The chef-owner of Odette on his grandmother, culinary inspiration, and the elements that ground his restaurant at the National Gallery Singapore
There's something about Odette that makes one feel very, very small. In contrast to Jean-Francois Milou's masculine resurrection of the historic National Gallery Singapore, Odette — which sits within the former Supreme Court office — draws upon vestiges of a softer world. Sheathed in shy shades of pink accented with steadying touches of muted gold, the main dining hall bids you to run your finger across everything. Soft grey banquette seats are velvety to the touch while impossibly thin glassware casts gossamer shadows on perfectly pressed linen. Anchoring the room is Dawn Ng's art installation — a constellation of thinly-cut oak, copper, and polyfoam that descends from the ceiling like a pile of leaves swirling in the wind.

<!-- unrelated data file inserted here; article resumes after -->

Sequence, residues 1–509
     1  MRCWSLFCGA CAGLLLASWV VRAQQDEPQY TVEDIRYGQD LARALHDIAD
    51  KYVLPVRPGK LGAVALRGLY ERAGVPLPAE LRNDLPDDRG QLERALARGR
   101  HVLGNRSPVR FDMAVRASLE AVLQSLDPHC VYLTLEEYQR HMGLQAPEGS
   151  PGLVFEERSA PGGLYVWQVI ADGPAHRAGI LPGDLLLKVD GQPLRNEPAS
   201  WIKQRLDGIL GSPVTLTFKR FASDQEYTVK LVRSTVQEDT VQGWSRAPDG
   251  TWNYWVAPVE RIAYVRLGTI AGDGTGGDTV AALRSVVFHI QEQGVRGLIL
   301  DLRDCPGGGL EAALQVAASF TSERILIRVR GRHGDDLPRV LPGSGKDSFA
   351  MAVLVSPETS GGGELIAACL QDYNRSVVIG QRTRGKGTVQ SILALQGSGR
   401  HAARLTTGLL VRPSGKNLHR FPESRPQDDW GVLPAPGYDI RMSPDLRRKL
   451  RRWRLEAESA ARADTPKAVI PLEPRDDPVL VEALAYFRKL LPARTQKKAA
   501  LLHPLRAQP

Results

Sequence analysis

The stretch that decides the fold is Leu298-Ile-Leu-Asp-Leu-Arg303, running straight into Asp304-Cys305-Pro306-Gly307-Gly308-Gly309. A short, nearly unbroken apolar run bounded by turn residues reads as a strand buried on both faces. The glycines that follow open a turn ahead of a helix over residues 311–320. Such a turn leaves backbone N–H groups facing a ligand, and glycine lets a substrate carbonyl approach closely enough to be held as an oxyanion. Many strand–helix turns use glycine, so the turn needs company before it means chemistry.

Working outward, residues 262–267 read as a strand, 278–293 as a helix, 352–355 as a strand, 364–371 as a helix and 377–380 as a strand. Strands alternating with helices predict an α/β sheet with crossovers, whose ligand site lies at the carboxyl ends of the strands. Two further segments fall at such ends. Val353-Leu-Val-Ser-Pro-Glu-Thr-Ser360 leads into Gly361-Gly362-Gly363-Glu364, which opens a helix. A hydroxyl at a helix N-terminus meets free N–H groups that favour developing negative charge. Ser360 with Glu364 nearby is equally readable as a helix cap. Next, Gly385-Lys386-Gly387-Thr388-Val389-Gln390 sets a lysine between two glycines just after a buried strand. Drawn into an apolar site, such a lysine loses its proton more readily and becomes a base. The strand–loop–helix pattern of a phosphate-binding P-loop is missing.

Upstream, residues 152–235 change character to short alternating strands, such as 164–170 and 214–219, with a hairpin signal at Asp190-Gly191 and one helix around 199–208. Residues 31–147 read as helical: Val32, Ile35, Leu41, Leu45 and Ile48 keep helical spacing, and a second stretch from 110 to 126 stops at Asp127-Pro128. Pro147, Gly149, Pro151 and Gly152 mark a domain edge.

There's an immutably feminine charm about the space, and unsurprisingly so. After all, chef-owner Julien Royer named the restaurant after his grandmother, Odette, the woman who taught him about what it means to cook with seasonal ingredients, tuning his cooking philosophy to one that begins and ends with produce as the star. There's pigeon — finished on Japanese binchōtan to give it a smokey, umami flavour — sided with a bed of forgotten vegetables such as Jerusalem artichoke and parsley root; and sweet Cevennes onions from Southern France simply cooked in brown butter and garlic, then paired with a deeply earthy black truffle chantilly. For a study in contemporary French cooking, one needn't look further than what's on the menu at Odette.
#01-04, National Gallery Singapore, 1 St Andrew's Road. Tel: 6385 0398.